The tween, Mads, finds it hard to fit in. Having feelings for a girl in class and a clumsy farther who is a teacher at his school doesn't help. By an uforseen chance of events, Mads becomes somewhat of a hero, but will he win the girl?
One day Kurt discovers that society basically does not respect forklift operators very much. His wife is an ambitious architect. His neighbor is a medical doctor. Not even Kurt's own kids ... See full summary »
Buster is an aspiring magician battling his status as a geek. Making things more difficult is his small size. This movie chronicles Buster's unique way of dealing with bullies, school, his ... See full summary »
Mads Bugge Andersen,
Mr. Link recruits explorer Sir Lionel Frost to help find his long-lost relatives in the fabled valley of Shangri-La. Along with adventurer Adelina Fortnight, this trio of explorers travel the world to help their new friend.
Hannibal spends most of his day watching TV as there's no other kid in his area, his parents return home at 5 pm and his grandma is nearly deaf. He gets a dog, Jerry, who can't bark but it speaks. Jerry gets dognapped.
Aske is an average boy in seventh grade who just wants a peaceful life without being bothered by obstacles he faces daily. He has a crush on a girl named Jessica, who is one grade above him. His nerdy best friend is Oddyseus, and is being bullied by a boy who attends a special ed class named Glenn. Aske has a strained relationship with his stepfather Jørn and stepbrother Sune. Aske's life turns upside down one day when he gets a ninja doll as a gift for his 13th birthday by Uncle Stewart, who was on a vacation in Thailand earlier. He soon finds out that the ninja doll was possessed by a spirit belonging to a Japanese samurai named Taiko Nakamura who committed ritual suicide (seppuku) to save humanity from evil. The doll teams up with Aske to avenge the death of a Danish businessman named Phillip Eberfrø, who beat a poor boy to death in a sweatshop in Thailand. This puts Aske and his new friendship with this doll to the test, getting themselves ready for an adventure Aske never has ...Written by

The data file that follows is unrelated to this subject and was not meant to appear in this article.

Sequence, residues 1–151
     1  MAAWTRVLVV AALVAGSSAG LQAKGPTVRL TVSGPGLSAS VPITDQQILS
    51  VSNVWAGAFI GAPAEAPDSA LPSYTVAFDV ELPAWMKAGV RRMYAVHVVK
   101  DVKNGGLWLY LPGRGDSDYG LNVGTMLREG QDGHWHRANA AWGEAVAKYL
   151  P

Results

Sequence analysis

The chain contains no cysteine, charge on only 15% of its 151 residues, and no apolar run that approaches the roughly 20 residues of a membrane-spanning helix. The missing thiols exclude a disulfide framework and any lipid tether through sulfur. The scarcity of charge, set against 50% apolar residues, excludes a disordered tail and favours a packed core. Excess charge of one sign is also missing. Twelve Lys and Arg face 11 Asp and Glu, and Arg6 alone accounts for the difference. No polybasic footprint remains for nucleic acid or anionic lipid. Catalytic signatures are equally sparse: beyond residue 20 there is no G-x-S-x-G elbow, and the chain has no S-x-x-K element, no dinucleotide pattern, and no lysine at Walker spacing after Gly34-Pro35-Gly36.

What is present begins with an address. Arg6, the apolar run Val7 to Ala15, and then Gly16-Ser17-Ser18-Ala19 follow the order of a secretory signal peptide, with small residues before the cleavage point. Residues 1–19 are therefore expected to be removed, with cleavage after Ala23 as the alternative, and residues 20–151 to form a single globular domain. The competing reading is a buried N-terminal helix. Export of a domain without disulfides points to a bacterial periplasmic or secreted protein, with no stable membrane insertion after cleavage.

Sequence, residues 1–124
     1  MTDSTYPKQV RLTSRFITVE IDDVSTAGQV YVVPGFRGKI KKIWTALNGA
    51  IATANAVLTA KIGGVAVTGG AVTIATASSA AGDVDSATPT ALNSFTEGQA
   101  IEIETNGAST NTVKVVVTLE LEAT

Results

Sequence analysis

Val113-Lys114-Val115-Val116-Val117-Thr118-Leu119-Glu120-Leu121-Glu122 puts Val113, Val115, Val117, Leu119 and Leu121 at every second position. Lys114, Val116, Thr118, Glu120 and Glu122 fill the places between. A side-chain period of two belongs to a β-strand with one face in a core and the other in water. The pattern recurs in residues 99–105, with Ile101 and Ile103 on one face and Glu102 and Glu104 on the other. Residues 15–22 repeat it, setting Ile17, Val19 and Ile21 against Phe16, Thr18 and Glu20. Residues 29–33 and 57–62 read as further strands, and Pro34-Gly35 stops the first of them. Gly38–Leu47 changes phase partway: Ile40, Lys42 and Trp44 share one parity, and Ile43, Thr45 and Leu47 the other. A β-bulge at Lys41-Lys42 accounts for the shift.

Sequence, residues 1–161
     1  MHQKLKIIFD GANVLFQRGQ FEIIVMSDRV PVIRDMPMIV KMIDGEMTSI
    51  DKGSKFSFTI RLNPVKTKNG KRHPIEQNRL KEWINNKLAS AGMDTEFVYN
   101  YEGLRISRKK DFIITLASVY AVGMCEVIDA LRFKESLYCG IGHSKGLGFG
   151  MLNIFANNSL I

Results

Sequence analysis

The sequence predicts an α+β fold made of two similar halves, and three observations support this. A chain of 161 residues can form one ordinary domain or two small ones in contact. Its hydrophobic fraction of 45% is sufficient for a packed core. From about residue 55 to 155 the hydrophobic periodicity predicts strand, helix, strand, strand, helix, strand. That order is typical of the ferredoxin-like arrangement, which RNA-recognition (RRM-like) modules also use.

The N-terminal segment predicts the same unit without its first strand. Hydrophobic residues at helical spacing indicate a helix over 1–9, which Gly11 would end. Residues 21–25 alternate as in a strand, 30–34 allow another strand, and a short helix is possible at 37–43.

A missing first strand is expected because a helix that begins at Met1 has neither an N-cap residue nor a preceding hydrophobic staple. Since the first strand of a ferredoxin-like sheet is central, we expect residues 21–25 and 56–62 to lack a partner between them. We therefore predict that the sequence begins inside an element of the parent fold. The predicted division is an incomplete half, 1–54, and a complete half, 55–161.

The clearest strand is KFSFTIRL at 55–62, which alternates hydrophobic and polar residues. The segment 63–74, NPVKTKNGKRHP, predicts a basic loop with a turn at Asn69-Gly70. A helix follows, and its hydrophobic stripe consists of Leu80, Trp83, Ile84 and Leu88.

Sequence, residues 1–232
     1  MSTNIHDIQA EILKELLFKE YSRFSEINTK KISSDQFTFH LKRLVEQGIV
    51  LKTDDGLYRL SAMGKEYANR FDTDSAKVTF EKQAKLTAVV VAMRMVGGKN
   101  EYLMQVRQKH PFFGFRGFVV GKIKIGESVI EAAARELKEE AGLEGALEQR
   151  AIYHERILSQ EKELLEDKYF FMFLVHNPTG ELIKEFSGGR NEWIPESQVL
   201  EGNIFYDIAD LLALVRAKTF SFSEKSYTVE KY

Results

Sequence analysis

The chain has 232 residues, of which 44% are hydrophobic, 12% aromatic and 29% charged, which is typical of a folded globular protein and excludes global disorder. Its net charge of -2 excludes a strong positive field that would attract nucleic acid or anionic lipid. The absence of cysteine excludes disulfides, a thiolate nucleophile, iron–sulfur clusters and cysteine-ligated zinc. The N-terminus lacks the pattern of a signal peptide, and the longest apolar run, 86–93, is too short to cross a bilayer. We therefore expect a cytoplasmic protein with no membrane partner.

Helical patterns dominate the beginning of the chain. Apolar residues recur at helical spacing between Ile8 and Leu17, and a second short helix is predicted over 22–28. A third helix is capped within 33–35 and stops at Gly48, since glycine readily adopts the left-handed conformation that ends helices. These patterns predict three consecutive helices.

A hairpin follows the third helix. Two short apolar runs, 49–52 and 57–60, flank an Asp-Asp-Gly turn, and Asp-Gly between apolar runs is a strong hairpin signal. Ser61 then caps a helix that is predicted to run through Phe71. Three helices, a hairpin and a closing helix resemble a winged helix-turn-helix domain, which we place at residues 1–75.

Much better than his previous "Terkel i knibe", but a rather harsh detail very early on, make it unsuited for minor kids. I would say about 13+ as larger kids and adults can better cope with and enjoy his harsh and often grotesque humour, that often is spot on the types it portraits. and very very funny. it has a message too, so not just slap stick and profane language.
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